Introducing Sexpressive: our new bi-monthly sex-ed column


Sex Education for many of us has been a horrible experience: dominated by heteronormativity, conservative teachers and the suppression of the female body and pleasure (and for some of us, the stereotypical banana-condom picture will be engrained in our brains forever). What’s more, oftentimes, it was boring and disconnected from the reality we as teenagers were experiencing, leaving us lost - sometimes for the right words, sometimes for answers to our urgent questions, and sometimes just lost completely. While many of us have now found the answers to our questions and the right words for our needs and wishes, much still remains unsaid and for many unheard of, and this is what “Sexpressive” our new bi-weekly collaboration with amazing writers from KCL society Sexpression wants to change: we want to be bold and open about everything related to sex and identity and equip you with the knowledge and words to talk about it! We might not be as funny as Otis in Netflix’s hit show Sex Education, but unlike Otis’ advice, our column is completely free, no sex ed payment needed.


In this first article, you can find out more about Sexpression and our fantastic team of contributors. And just as a reminder, this column is for you, and if there is anything you want us to write about, just send us an email to sexandrelationships@thestrandmagazine.com.




ABOUT KCL SEXPRESSION:

We're part of the KCL branch of Sexpression UK, the national charity. Our volunteers deliver comprehensive RSE lessons to schools near KCL campuses and our lesson topics range from consent, contraception, STIs, LGBTQA+, healthy relationships to sex and the media. In addition, our committee creates fun and interactive events here at King's such as Pizza and Protection, FGM talk as well as sex themed quizzes and workshops. Our most successful annual event has been our Don't be a Prick campaign where we hand out free cacti to students when they participate in a short conversation about consent at uni. Since this year is mainly online, our aim with this column is to cover a range of topics related to sex ed and sexual well-being.


Instagram: @sexpressionkcl

Facebook: KCL Sexpression

FAQs & Free membership: https://www.kclsu.org/organisation/7499/



ABOUT THE CONTRIBUTORS:


Svea (she/her, BCPO): I am passionate about informing young people about the issues surrounding sex, relationships, and gender (identity), as to enable them to make informed decisions. By doing this, I hope that I can contribute to decreasing the stigmas surrounding and breaking taboos attached to sex in the society.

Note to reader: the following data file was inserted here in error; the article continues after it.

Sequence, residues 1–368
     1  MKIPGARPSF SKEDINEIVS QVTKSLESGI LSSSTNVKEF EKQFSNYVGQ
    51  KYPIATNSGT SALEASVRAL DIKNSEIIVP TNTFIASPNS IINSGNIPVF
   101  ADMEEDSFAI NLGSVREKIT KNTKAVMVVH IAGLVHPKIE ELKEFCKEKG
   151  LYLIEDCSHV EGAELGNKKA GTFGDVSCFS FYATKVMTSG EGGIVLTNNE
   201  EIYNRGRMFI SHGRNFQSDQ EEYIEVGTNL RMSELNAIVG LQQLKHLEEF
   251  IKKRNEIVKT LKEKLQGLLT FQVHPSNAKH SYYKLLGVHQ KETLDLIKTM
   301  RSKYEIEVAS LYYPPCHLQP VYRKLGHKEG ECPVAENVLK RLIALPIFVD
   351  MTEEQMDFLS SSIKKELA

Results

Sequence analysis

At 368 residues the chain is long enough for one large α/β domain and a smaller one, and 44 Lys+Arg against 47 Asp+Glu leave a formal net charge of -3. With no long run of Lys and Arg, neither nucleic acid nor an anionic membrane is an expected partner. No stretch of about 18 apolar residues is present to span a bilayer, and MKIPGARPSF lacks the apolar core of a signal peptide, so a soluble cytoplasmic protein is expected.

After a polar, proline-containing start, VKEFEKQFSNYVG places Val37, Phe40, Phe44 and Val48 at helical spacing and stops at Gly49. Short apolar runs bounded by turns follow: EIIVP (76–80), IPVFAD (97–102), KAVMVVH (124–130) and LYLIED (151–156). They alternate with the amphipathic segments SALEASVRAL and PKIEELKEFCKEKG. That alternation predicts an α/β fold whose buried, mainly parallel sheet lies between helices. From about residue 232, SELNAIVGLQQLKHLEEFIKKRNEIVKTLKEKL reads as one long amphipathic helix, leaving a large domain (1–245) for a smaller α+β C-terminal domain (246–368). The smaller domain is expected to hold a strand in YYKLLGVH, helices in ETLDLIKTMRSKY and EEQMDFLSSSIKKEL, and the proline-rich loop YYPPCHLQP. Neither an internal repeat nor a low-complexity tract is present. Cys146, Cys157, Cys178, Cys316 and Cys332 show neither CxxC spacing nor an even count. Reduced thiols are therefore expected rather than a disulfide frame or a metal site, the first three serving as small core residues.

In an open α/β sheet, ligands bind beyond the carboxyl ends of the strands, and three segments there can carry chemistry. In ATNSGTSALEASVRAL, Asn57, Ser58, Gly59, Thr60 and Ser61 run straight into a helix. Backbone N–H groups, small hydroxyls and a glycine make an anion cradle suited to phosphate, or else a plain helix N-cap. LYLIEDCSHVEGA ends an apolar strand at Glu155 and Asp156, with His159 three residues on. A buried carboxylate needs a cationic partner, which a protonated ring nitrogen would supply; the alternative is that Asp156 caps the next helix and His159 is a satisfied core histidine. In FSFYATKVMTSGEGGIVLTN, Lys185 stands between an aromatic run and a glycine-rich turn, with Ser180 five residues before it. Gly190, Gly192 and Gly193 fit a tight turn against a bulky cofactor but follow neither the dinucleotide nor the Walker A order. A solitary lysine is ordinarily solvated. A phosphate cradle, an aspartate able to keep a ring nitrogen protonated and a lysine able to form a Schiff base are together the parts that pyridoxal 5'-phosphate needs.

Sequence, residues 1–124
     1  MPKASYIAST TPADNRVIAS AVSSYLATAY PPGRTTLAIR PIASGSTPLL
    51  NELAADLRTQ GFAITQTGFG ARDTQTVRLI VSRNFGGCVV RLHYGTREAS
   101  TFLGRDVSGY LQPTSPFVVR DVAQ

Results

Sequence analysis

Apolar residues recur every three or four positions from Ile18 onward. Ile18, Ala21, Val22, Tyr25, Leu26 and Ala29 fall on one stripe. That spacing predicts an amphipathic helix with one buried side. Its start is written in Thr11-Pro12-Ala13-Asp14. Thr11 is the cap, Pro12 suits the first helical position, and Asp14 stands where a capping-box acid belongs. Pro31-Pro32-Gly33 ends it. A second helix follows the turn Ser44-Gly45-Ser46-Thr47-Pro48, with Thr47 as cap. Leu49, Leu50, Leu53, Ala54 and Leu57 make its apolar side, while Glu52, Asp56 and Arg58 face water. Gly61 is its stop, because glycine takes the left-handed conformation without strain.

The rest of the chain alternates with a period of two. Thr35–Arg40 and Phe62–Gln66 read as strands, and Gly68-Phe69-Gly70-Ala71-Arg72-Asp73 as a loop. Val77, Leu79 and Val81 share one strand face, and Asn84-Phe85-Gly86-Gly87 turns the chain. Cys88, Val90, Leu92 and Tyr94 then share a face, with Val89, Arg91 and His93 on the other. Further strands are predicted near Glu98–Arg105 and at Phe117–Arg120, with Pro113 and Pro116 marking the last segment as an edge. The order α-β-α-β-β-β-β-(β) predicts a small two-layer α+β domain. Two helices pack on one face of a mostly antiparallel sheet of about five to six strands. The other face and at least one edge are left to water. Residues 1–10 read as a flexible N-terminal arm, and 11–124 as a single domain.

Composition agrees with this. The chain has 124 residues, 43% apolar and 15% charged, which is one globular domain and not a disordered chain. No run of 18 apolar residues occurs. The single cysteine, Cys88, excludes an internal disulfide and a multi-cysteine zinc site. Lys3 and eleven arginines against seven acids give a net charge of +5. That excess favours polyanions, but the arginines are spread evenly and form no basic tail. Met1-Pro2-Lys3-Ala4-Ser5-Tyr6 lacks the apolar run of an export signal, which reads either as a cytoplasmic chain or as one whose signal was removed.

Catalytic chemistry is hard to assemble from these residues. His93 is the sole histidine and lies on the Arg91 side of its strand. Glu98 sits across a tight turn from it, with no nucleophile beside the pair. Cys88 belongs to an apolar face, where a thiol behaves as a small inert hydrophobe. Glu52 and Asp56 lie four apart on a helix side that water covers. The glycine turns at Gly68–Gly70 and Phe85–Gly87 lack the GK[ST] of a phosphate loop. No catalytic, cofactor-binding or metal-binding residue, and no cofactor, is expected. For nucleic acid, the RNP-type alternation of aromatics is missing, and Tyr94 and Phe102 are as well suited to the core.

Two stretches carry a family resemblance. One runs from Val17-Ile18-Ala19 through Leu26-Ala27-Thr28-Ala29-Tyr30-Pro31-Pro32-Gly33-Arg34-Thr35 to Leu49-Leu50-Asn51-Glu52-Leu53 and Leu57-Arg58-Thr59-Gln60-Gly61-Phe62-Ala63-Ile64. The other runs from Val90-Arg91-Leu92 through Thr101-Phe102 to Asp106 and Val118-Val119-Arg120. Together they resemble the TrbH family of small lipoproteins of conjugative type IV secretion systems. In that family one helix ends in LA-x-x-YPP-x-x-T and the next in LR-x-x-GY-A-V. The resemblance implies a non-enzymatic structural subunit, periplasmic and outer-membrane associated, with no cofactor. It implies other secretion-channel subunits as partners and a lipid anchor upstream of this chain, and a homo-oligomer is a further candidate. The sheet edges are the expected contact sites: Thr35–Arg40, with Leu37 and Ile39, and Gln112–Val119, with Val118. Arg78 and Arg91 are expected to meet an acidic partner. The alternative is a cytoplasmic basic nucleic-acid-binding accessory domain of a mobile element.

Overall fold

Mitra (she/her, Socials Officer): I joined Sexpression as I am passionate about teaching sex ed as this gives young people the information they need to make informed choices. As Socials Officer, I have arranged events, including online Coffee Socials, to bring together the Sexpression Community at King’s.


Lenezia (she/her, Events Officer & Wellbeing Lead): I grew up in a conservative Indian community where sex was highly stigmatised (slightly ironic given the origins of the Kama Sutra and the enormity of the Indian population…) So when teenage me moved to London and received comprehensive sex education for the first time, I finally began viewing sex in a healthy and positive light and, consequently, felt an entirely new sense of freedom and empowerment. Hence, I strongly believe that educating the youth about sex is imperative to cultivating a sex-positive society. As Events Officer and Wellbeing Lead, and more significantly as a woman of colour, my passion this year lies in creating safe spaces for open-minded discourse on how factors like race, mental health, body image issues and so on can affect an individual’s sexual experience. My aim is to diversify our events and wellbeing initiatives by covering less-explored topics that cater to marginalised communities in an educative, interactive and engaging way.


Uma (she/her, President): I became part of KCL Sexpression because I, like many others, found the sex ed my school offered lacking and felt frustrated that we weren’t being taught better. In addition to teaching, what I love most is the open environment we’ve created within Sexpression where we can talk and learn about all aspects of sex without shame. There’s so many conversations I want to have more of - discussions about pleasure (especially finding the confidence and language to ask for pleasure as a female), acknowledging aspects that affect poc more (e.g. fetishization) and highlighting a multitude of different experiences that mainstream porn or social media don’t normalize.


Olivia (she/her, Training & Schools Officer): I first stumbled upon Sexpression at Freshers Fair, way back in 2017! Fast forward 3 years and you can still find me trying to explain the link between beanie hats, sombrero’s and condoms to anyone that will listen. During my time with Sexpression, I’ve taught in schools ranging from conservative catholic, to last-chance exclusion schools where you’re lucky if you’ve got one student remaining at the end of a class. The discussions have been awkward, upsetting, frustrating and sometimes just downright funny, but every conversation has helped ensure students can enjoy safe, positive and fulfilling, sex & relationships, and it’s that which keeps me coming back year after year.


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